Look! Is that a horseman on the horizon?
It appears that, once again, the world’s ended and everyone forgot to let me know ahead of time.
I knew something had to be up this morning when I woke up and Jeff informed me that 1) he wasn’t feeling well and 2) that he was taking a sick day. Yes, ladies and gentlemen, the McSpouse that is only slightly more likely than me to continue soldiering on through dismemberment and slight cases of death, actually took a sick day.
I brought him the sandwich he wanted from Publix (foot-long, on white, no mayo, and all kinds of stuff that would keep me from snitching bites like banana peppers / onions / pickles), the particular species of chips that appealed to him, and the makings for more Kool-Aid.
He slept most of the day. We still don’t know what’s wrong. It’s not food poisoning and it’s not appendicitis. We’re betting on a slightly-annoyed abdominal muscle; it fits with the symptoms and also has the additional bonus of not being life- or canadatrek-threatening.
I’m good about keeping my illusions. First and foremost is that ten days from now he’s gonna get on a Northwest Airlines flight with me in the painful wee hours of the morning down in Birmingham. We’re gonna play plane-tag with a Memphis airport and then meet up with friends in Seattle, where we’ll rent a car and, bluntly speaking, lead a five-geek invasion of British Columbia.
I should note that British Columbia seems vastly more interested in the upcoming elections than the potential impending disaster and doom that would come from our crossing the border. We believe in arming ourselves, of course: we wouldn’t be a well-prepared international invasion Force To Be Reckoned With[tm] unless we had
- Heather’s infamous ‘torture shirt’
- my combat boots
- At least one piece of clothing with a penguin on it
- geek weapons of mass destruction (currently consisting of a couple of old brassieres with generous cups, fortified by four bottles of wine and powered by three Handspring Visors and one PalmPilot)
Of course, none of this would be complete without my spouse’s required airline dosage of Dramamine. Nor would it be complete without Andy’s belated yankee-tinged whimpered beggings to the gods of jet lag to either take him home or let him sleep.
He shall, of course, receive neither. The gods of jet lag are brutal, unfeeling gods. (Especially when they ply your geekwomen with lots of cheap beer and loud music.)
But, alas, today is not the day to take over Canananananada. That day is ten days hence. But for now, I must point out another of the four horsemen on the horizon….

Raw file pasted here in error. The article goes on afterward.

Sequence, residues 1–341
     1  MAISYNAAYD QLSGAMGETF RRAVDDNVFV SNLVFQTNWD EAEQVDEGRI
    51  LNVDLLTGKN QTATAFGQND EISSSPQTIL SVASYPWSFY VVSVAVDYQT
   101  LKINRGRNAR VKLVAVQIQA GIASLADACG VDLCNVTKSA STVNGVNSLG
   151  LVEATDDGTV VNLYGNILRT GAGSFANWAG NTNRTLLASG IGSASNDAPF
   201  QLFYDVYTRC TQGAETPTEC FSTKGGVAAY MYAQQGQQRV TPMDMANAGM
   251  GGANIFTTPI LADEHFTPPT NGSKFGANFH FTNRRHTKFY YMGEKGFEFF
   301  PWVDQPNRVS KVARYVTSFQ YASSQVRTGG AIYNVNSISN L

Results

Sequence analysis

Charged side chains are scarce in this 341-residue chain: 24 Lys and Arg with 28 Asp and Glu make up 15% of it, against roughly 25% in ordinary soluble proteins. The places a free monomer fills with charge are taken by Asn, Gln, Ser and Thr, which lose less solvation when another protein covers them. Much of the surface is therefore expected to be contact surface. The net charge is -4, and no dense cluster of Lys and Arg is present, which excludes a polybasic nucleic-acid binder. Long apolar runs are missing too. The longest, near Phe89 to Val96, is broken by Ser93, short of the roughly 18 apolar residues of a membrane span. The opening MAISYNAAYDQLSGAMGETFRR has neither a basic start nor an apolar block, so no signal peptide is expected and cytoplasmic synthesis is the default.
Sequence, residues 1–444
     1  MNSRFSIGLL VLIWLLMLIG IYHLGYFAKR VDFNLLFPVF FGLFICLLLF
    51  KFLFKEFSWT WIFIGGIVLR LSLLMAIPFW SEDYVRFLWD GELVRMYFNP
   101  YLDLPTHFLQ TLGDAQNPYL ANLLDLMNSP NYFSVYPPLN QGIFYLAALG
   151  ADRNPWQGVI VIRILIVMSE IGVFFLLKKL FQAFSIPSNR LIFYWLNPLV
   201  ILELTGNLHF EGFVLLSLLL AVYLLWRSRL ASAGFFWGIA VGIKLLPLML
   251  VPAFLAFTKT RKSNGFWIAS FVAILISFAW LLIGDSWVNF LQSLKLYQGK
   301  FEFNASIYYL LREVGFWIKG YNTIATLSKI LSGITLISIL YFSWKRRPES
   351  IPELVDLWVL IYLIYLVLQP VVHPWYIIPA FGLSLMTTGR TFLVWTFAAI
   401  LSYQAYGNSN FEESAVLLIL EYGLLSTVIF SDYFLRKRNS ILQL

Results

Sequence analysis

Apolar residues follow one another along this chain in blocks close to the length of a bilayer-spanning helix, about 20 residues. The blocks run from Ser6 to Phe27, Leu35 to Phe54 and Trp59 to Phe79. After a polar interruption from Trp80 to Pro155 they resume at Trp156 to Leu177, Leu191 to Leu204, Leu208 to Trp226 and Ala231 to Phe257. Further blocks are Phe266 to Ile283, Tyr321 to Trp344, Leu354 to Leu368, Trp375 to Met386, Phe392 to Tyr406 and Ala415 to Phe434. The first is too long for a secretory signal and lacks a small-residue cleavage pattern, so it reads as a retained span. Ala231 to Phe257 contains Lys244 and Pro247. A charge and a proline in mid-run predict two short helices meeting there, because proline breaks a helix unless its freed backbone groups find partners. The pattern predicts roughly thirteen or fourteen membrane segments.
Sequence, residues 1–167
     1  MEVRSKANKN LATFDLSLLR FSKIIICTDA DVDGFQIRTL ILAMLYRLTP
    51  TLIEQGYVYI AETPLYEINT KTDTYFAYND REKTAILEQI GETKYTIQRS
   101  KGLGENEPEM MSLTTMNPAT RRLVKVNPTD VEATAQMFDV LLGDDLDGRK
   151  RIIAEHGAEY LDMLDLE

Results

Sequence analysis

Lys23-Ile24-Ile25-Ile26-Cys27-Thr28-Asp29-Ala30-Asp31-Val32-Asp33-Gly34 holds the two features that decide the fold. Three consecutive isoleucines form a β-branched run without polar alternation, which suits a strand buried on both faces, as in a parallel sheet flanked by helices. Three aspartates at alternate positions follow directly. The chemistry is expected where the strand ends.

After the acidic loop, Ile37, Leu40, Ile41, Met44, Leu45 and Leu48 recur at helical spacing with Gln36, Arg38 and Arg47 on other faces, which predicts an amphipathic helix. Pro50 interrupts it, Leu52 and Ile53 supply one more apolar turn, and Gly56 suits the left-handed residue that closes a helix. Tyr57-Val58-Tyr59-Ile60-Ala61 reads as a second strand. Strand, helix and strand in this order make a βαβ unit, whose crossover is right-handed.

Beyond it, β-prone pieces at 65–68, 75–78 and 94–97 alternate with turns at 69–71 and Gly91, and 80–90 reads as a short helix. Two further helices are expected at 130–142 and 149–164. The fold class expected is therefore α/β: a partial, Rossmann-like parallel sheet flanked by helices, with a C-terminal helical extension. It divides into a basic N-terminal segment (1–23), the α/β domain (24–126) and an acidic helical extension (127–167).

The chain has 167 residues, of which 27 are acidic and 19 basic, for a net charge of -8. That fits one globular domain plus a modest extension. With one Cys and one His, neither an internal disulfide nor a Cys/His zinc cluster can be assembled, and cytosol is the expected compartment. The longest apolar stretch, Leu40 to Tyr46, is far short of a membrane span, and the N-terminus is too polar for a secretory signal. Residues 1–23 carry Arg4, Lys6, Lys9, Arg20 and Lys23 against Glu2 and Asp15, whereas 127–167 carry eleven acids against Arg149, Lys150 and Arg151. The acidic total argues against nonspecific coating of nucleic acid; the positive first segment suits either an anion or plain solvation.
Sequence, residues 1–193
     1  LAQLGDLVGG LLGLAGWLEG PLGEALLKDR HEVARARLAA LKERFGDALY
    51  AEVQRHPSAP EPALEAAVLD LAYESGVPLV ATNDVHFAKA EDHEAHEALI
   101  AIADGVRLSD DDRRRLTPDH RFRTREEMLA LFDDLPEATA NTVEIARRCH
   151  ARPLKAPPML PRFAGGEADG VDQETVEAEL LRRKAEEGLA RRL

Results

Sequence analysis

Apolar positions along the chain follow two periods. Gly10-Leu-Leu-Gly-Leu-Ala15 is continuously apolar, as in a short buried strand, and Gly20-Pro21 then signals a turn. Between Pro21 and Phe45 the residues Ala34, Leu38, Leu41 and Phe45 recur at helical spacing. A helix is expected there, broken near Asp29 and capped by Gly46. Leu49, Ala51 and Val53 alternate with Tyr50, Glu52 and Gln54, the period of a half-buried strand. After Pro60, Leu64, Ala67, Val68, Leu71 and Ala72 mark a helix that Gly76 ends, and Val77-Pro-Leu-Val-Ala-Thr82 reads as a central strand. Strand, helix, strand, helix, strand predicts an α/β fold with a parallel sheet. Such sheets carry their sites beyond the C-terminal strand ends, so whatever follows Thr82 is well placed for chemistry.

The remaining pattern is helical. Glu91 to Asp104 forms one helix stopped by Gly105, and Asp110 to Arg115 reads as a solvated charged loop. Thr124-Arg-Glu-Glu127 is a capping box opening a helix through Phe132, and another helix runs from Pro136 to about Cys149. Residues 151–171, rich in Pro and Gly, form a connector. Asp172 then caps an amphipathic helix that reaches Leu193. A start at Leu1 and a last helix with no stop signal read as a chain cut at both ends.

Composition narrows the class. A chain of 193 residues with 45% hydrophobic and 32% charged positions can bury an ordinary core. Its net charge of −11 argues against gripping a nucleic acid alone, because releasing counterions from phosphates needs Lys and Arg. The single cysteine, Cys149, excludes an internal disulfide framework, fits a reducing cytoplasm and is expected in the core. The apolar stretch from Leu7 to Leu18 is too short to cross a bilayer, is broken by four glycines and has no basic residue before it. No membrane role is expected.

…and his name is Thank You Cards.
(Laughing at his name incurs you a penance of death via paper cuts. I’ve done it. It’s singularly unpleasant.)
For the first time since Jeff and I began tag-teaming up for gifts to give to friends and family members who married, the unthinkable has happened. I have actually received an acknowledgement of the gift we gave.
Considering that we’re in our mid-twenties, otherwise known as prime-time for those members of homo sapiens so inclined to enter the fabulous world of Monogamy, Marriage, and Procreation[tm], we’ve been invited to quite a few weddings over the past few years. We show up like the cheerfully obligated friends and family members that we are: with gifts in hand.
We were, after all, singletons, and we distinctly remember that on a scale of one to ten, the suck factor involved in creating a household out of dorm furniture rates a solid ten-and-a-half. With a china pattern and a bullet.
Let me just say that after a few years of forking out anywhere between $25 and $75 per wedding, depending on the closeness of friend or relation or our degree of happiness about the wedding of said bridal couple…I have become quite sick of never receiving any kind of acknowledgement.
Yes, I recognize brides are busy. I was one, remember? (You don’t become a wife in this country without going through the tapdancing rigmarole of bridehood.) Between wedding shower and dress fitting and figuring out where we were going to live and bridal pictures and questions regarding how many children we wanted, we got gifts. Due in no small part to my upbringing—and the iron fist of death held over my head by my mother—every single gift got acknowledged.
Because it’s nice! Good grief! If someone took me aside and said, “I’m going to take you to dinner at a restaurant, and I’m going to spend $50 on your drinks, dinner, and dessert,” not only would I hug and kiss them, I’d remember to tell them thanks.
Just because one is getting married does not give one the abject permission to pretend that the givers of the $50-per-head gifts do not exist while one puts their gifts to use in one’s new home.
The adage from my larval years: “Don’t use a gift until you’ve acknowledged it. If you’re not going to acknowledge a gift, give it back immediately, because it’s not yours until you’ve thanked the giver.”
It’s a courtesy. I grant you this, I’m not much on formal and meaningless courtesies. When my guests come over for dinner, they sit on the couch with the rest of we peanut-gallery clowns. They’re welcome to argue with the cats over who gets the bathroom first, but the cats will probably win.
However, if I’m going to take the time to wish you well and help you set up your household, the very least you can do is thank me—by phone call, email, or card, I don’t care—and be at least somewhat gracious.
As my mother would say during her less-than-diplomatic moments, “It sure as hell won’t kill you.”